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One of the challenges in looking at the 2023 season is that MLB announced a series of changes at once, which will make it harder to suss out the impact of any one change. As I wrote yesterday, the larger bases and the pickoff restrictions work in tandem to affect basestealing. The restrictions on defensive positioning should add a thousand or more singles, which makes stealing second more valuable. Those same restrictions should make turning double plays a bit easier, again giving teams reason to steal. If the pitch clock hampers the effectiveness of pitchers, that will add baserunners and, presumably, more singles and stolen base opportunities.
I don’t know that any of these changes, by themselves, is major. I can, though, without working too hard, tell a story that is a win for MLB: batting averages up, steals up, movement up, run scoring up. Everyone will fundamentally be the same players they were a year ago, but by hamstringing defenses and pitchers, the outcomes will be different. If MLB rolls the clock back to 2012 -- .255 batting average, more hits than strikeouts, 3200 stolen bases -- they’ll declare victory and get the hell out.
That’s a lot to ask with the same set of players. The hitters are all going to be trying to hit the ball hard and up, because that’s where the runs are. They will still be trading off contact to hit those hard line drives and fly balls. Pitchers, in turn, will still be trying to miss bats and, at least for one more season, exploiting umpires’ reliance on guesswork to get strikes on pitches outside the zone. They’ll be going at maximum effort because that’s how they have been trained. They’ll be returning from Driveline with three extra ticks on their fastball, and using Trackman and Rapsodo to craft ever more evil breaking stuff.
The 2023 changes are baseball trying to do everything in its power to change the game without without addressing the main issue: Pitchers are witches. We’re going to learn this year whether fiddling around the edges of the game is enough to even things out.
Hovering over all of this is the baseball. We had a rabbit ball in 2019, then perhaps a different one that postseason. We had two baseballs with different characteristics in play in 2021. We had at least two, maybe three, in use in 2022. It’s an article of faith to some that MLB will use a livelier ball in 2023 in an effort to juice offense and make it seem as if the changes are having an effect. The league has lost all credibility on the matter, so in addition to watching how gameplay changes in 2023, we’ll need to see how the performance of the baseball interacts with the rules changes.
Stepping back, there are three things I am going to be focused on once the season begins. Unlike many, I don’t think exhibition games will provide actionable information, so this experiment starts March 30.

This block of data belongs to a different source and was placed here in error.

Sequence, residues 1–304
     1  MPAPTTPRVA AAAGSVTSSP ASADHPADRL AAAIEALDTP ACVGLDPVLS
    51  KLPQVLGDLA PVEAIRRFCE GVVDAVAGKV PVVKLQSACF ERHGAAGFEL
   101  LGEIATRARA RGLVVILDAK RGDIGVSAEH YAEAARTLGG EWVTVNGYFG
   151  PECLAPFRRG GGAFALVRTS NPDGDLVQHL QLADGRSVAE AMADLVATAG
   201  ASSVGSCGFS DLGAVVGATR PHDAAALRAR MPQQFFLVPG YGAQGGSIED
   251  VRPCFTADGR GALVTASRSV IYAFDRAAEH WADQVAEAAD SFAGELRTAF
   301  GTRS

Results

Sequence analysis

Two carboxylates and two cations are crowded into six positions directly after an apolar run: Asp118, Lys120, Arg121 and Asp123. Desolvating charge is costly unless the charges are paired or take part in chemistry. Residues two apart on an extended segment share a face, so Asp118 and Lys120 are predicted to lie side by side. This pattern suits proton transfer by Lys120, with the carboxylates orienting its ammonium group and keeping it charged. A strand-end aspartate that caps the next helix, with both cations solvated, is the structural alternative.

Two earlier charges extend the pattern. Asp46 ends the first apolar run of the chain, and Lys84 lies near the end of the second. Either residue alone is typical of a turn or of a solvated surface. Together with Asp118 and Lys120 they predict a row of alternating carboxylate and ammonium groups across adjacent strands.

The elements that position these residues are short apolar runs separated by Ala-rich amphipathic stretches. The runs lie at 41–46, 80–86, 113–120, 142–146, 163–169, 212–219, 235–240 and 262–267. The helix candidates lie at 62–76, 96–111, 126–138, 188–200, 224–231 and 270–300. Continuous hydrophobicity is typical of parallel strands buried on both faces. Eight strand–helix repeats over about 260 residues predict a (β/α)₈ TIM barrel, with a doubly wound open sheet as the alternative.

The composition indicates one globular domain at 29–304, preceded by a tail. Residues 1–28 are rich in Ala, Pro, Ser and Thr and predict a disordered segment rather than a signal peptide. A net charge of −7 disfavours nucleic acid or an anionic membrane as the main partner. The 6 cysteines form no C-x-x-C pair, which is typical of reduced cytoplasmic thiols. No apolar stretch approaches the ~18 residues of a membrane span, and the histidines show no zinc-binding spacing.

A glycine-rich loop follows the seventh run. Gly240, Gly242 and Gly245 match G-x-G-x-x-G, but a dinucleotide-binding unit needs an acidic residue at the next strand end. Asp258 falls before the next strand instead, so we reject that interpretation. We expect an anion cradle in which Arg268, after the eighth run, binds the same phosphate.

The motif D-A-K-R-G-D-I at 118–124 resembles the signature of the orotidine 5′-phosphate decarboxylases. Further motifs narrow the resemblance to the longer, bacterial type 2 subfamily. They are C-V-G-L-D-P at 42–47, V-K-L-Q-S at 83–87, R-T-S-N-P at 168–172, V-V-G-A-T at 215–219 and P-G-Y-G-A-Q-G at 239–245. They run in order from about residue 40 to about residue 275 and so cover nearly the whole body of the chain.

1. Will pitchers stay healthy? I don’t care about violations and game times and soul-reading fan engagement from the press box. The pitch clock will live or die on whether MLB pitchers working at max effort to get MLB batters out and win MLB games can pitch at the required pace and stay upright. What happens when relievers start going three days out of four, or starters begin throwing 30-pitch innings? I won’t pretend to know the answer to that, beyond a general, “When pitchers pitch tired, they are more likely to get hurt.” It’s the single biggest factor in the future of the pitch clock.
That, by the way, is the last thing I’ll say about the pitch clock for a while. It’s clearly a fetish for some. Me, I don’t think anything matters until the games do.
2. How many hits are coming back? There were just shy of 28,000 singles in 2012, and 25,877 last year. (That was up from 2021’s floor of 25,006.) The rules restricting defensive positioning create an entitlement zone in short right field that should give back maybe half of those to left-handed batters. Singles are still going to be rare relative to the game’s history, but rolling their rate back to that of 2017-18 -- mid-26,000s -- could push the league batting average back over .250. Where the total number of singles fall in that range -- 25,000 to 28,000 -- will determine the success of the shift ban.
3. Can MLB thread the needle on stolen bases? The bases are less than five inches closer to each other, and pitchers can still make two pickoff throws per plate appearance, and pitcher/catcher combinations are still faster than ever at moving the ball from the mound to second base. Still, the combination of bigger bases and pickoff limits in the minors had a large effect. From Anthony Castrovince of MLB.com:
In 2022, with the mound disengagement limits, pitch timer and bigger bases imposed across the full-season Minor Leagues, the uptick in action on the basepaths continued:MLB would like to generate more stolen bases, as they see that as something the fans want. Stolen bases are exciting when there’s drama as to whether the baserunner will beat the throw to the bag. Once we close in on an 80% success rate, that drama diminishes. There is a fine line between adding excitement and creating automatic doubles. The changes to the basestealing dynamic are the most interesting ones, because the range of possible outcomes is wide.
Year SBA/G SB%
2022 2.81 78.0
2021 2.52 75.7
2019 2.23 68.2
I can’t think of a parallel in the game’s history for what we’re seeing in 2023. There have been changes -- to the baseball, the strike zone, to the balk rule, to which players get to bat -- but never so many, all at once, out in the open. I disagree with some of the moves, not just on their merits but because it’s all a means of avoiding the real problem, the one between the mound and home plate. It’s my hope that whatever happens this year, success or failure, this willingness to change will be put to better use in years to come.